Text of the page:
Is someone who makes no mistakes guilty of excessive caution? We might ask whether an athlete ahead by two in a...
championship basketball game should risk taking a foul to block the opponent's three-point shot in the final seconds. Nearly everyone would say yes. In tech, let's ask the equivalent question: Are error budgets a way of pushing IT thinking to its limits? Or is the error budget trend a simplistic justification of adrenaline junkie thinking?
An error budget, popularized by site reliability engineering (SRE), is the idea that some amount of risk is unobtrusive and indeed necessary to move quickly in IT operations. If a team makes no errors, they likely do not innovate or attempt to improve operations. Likewise, a team that makes a great deal of errors has sacrificed reliability in the name of innovation and must scale back. An error budget is a way to measure the risks taken by individuals and organizations.
I'm all for aggressive thinking in tech, but I have a big problem with the concept of an error budget. It has the potential to turn technology planning into chest-beating, adrenaline junkie thinking, encouraging risk for risk's sake. It's the wrong way to approach a legitimate question, which is whether IT project approval processes achieve the best balance of risk and reward.
Improve IT risk assessment and management
Business hyperbole about an error budget represents a contamination of its original goal. The intent of an error budget was originally to represent the level of risk to business goals created by a given approach. That is, the project's error budget was an indication of just how far off predictions could be before the deviation terminally messed up the business case for the project. Failure is tolerable at some level, and the goal of an error budget in this original context is to measure how much failure risk the venture can absorb before it affects the project justification.
An error budget in SRE has become a border that some cutting-edge IT professionals feel duty-bound to push against, and perhaps a little beyond. This morphed meaning was, in some ways, inevitable: Any time you give somebody a new measuring stick, they start measuring things with it. Charlie blew his error budget twice, and Amy never did. So, maybe, Amy isn't pushing the envelope, or Charlie is pushing it too far. There's a competition of slogans: Nothing ventured, nothing gained versus better safe than sorry.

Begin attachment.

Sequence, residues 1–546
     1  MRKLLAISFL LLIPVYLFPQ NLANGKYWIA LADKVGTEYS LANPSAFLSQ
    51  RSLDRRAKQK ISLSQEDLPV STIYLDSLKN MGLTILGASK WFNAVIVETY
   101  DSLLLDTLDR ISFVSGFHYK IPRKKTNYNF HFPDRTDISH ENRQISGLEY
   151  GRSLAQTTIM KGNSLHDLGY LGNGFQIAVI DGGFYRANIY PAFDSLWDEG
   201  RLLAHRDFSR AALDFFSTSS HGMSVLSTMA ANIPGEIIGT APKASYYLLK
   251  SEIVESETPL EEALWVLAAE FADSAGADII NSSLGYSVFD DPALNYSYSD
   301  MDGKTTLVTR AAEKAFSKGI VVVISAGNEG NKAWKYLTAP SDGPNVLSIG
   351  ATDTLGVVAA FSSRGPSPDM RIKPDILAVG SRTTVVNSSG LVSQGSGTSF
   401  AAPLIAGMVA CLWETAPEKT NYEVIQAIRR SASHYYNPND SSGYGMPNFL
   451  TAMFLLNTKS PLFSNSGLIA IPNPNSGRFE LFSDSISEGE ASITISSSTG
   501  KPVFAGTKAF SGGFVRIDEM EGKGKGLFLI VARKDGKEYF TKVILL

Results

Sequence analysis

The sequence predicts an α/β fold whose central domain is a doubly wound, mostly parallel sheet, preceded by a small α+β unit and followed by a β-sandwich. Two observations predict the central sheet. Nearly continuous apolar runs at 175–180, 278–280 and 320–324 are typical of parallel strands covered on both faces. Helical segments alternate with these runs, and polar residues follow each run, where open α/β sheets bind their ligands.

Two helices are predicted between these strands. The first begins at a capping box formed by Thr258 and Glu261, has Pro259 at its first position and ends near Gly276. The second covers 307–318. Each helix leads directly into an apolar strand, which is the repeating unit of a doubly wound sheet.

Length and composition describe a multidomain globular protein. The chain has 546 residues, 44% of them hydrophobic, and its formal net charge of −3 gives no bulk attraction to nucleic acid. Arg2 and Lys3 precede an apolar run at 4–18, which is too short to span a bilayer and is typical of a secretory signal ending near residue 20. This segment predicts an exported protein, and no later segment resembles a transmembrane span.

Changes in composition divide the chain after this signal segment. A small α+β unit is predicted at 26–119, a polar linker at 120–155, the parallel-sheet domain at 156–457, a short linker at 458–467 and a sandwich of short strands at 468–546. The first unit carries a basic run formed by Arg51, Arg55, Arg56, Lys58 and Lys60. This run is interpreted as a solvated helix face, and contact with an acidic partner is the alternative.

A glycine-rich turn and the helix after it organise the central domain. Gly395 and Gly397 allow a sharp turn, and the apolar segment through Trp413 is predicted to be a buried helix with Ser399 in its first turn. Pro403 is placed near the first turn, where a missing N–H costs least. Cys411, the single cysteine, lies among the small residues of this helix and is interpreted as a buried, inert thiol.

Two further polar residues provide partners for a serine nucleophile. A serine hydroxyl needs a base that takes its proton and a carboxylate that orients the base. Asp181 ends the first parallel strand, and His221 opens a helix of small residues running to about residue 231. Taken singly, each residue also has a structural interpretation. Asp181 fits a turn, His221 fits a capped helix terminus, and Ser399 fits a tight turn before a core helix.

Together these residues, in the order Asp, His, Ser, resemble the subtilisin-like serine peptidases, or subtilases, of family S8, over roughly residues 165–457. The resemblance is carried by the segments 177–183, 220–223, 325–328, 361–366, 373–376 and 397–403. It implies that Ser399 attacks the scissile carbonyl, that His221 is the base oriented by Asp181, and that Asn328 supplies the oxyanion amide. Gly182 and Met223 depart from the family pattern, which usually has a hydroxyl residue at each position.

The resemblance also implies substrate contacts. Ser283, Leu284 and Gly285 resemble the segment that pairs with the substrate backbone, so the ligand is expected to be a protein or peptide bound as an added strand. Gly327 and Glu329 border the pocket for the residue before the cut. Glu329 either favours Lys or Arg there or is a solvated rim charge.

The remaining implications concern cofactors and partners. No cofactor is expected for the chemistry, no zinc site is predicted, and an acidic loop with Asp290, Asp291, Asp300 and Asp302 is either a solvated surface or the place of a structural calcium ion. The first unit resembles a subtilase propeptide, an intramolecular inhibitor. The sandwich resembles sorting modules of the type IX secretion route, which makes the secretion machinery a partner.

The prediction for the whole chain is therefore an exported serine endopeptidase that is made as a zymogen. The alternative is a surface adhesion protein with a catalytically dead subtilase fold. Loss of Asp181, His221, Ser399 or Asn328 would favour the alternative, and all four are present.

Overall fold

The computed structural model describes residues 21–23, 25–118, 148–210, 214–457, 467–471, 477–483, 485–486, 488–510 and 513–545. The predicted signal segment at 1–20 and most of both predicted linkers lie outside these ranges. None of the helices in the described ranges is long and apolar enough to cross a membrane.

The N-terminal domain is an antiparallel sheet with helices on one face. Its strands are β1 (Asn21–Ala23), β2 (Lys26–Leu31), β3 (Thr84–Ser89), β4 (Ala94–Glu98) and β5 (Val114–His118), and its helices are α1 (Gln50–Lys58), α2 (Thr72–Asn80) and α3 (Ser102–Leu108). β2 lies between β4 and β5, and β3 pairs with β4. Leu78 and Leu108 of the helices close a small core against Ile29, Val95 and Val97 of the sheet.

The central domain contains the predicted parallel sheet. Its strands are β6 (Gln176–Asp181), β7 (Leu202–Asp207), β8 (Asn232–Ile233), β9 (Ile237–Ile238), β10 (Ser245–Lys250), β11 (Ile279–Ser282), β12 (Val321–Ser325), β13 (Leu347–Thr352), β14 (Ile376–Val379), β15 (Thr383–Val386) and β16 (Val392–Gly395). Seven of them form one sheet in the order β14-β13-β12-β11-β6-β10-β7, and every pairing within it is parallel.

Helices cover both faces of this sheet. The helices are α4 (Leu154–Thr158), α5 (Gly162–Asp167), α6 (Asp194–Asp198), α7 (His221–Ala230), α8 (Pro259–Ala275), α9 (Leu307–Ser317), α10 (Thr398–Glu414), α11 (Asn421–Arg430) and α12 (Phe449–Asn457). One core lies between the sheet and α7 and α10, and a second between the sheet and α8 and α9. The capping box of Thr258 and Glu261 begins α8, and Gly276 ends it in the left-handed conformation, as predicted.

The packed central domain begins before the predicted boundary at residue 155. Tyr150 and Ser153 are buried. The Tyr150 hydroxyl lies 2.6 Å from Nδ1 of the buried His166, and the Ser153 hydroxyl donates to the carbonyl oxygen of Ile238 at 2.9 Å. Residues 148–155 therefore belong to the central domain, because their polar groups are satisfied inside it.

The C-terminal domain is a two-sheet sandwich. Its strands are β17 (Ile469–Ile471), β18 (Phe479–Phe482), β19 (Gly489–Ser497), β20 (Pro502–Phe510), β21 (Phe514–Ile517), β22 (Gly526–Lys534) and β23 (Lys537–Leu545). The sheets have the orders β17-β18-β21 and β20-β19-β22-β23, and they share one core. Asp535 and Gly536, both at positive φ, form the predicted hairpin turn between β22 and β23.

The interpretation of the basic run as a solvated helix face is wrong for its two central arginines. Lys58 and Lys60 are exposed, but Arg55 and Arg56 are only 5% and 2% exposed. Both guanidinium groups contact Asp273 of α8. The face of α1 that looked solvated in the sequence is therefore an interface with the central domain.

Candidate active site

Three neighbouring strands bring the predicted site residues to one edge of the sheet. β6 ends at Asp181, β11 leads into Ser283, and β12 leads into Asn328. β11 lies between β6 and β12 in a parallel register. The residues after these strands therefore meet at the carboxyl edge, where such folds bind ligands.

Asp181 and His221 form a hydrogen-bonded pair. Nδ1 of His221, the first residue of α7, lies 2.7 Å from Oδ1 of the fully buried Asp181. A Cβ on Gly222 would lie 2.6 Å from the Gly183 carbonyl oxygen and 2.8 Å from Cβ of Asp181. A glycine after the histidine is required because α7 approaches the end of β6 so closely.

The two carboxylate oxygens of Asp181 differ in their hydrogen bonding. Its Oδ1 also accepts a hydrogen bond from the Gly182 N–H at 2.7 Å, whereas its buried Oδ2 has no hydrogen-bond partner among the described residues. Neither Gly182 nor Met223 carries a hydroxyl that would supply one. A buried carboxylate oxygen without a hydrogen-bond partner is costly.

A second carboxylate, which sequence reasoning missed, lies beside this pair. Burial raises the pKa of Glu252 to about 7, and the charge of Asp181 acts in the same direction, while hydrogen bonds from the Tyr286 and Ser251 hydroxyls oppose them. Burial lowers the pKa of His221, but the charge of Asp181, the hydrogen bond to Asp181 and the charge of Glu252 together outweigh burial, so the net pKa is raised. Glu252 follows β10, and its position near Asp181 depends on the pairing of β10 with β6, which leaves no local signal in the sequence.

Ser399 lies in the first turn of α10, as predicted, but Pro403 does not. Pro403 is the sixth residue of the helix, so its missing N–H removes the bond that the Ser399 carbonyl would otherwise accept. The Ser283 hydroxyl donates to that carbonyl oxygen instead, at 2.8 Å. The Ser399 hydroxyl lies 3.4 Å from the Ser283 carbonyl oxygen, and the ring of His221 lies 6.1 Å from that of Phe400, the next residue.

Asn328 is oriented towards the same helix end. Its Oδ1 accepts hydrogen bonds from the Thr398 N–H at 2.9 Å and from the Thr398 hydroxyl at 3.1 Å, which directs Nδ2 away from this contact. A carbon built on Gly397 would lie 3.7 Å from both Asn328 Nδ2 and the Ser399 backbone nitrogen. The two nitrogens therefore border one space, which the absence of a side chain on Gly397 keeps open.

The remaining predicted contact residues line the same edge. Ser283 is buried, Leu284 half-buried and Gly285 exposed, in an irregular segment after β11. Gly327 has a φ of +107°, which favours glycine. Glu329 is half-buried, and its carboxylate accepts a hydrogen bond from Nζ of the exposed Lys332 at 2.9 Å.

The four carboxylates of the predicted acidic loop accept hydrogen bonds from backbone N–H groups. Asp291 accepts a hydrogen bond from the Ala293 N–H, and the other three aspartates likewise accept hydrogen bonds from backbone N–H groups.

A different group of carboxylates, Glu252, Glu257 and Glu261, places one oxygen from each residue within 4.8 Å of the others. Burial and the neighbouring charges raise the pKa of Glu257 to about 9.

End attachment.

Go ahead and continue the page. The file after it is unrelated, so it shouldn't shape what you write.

What's missing in the popular error budget dialogue for IT change management processes is precision. Error budgeting should quantify a project's tradeoffs and risks. You must understand exactly what is generating the risks to service objectives and exactly what benefits you get from pushing the boundaries. Yet, IT professionals rarely have any solid numbers to back up the error budgeting process. In CIMI Corporation's 2016 survey of how enterprises make IT project decisions, respondents said that, in more than 90% of cases, they never truly quantified the risk side, only the benefit side.
The IT project management process is flawed. For example, most applications have an uptime goal: a percentage of time where the application is expected to be available. Only 2% of businesses in the survey had even asked what would happen if the uptime percentage were lower -- much less quantified the consequences of a change like that. Even fewer businesses estimated the benefit of better app availability. So, how did they first set the goal?
What we can't quantify, we talk about. Instead of error budgets being a way to predict the headroom your service objectives offer, they become something people talk about around the water cooler. Companies report that their team members make comments such as: "I really pushed the old error budget with that code!" Further, they also said that managers do sometimes expect their teams to operate close to their error budget line. Without any objective measurement of risk, there's no way to know how close to the line you should go.
There's a management failure hidden in this error budget trend. Management by objectives is a nice notion if you can define objectives as the things that you really need to care about. All too often, we pick objectives because we can measure them, not because they need to be measured.
Slash the budget
The term budget is also a problem. How seriously does government take budgets after all? At the IT project management level, we have a project budget, and almost every manager knows that the secret is to go just a little over to ensure that you get your share of the wealth. Come in under budget by some percentage, says classical business wisdom, and expect your next budget to be cut by that same percentage next project, before it even starts. Three or four years later, your budget -- and you -- vanish.
If budgets are boundaries, then pushing them is natural. Show a competitive IT professional a ribbon, and they want to break through it. Show them a starting gun, and they want to jump it. If we called error budgeting by a different name -- marginal risk/reward analysis -- would it generate the same weird turns of management behavior? It might well put management to sleep, in fact. Try it out, and you'll see that there's no sizzle.
Sizzle has a way of overselling. Jazzy terms that get people's attention can successfully publicize something, but what they sell is often not what was intended. Over time, correct usage could redeem the real notion of error budgeting. You don't foul to win, but you do play the odds to win.